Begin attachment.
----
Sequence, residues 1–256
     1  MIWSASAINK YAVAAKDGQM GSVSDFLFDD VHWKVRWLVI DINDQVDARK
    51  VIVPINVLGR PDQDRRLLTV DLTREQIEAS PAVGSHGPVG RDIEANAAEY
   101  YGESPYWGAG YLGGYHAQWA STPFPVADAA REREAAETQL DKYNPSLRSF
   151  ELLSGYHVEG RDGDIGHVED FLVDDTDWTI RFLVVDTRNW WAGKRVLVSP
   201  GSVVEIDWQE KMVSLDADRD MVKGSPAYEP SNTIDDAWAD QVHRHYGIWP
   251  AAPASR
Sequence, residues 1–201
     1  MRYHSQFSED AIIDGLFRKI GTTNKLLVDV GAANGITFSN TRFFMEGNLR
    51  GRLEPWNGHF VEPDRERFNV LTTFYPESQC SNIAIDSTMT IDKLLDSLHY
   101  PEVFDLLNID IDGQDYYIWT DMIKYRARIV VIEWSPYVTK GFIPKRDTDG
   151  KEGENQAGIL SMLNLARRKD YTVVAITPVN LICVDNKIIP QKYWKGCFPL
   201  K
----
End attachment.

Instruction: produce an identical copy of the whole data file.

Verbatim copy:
Sequence, residues 1–256
     1  MIWSASAINK YAVAAKDGQM GSVSDFLFDD VHWKVRWLVI DINDQVDARK
    51  VIVPINVLGR PDQDRRLLTV DLTREQIEAS PAVGSHGPVG RDIEANAAEY
   101  YGESPYWGAG YLGGYHAQWA STPFPVADAA REREAAETQL DKYNPSLRSF
   151  ELLSGYHVEG RDGDIGHVED FLVDDTDWTI RFLVVDTRNW WAGKRVLVSP
   201  GSVVEIDWQE KMVSLDADRD MVKGSPAYEP SNTIDDAWAD QVHRHYGIWP
   251  AAPASR
Sequence, residues 1–201
     1  MRYHSQFSED AIIDGLFRKI GTTNKLLVDV GAANGITFSN TRFFMEGNLR
    51  GRLEPWNGHF VEPDRERFNV LTTFYPESQC SNIAIDSTMT IDKLLDSLHY
   101  PEVFDLLNID IDGQDYYIWT DMIKYRARIV VIEWSPYVTK GFIPKRDTDG
   151  KEGENQAGIL SMLNLARRKD YTVVAITPVN LICVDNKIIP QKYWKGCFPL
   201  K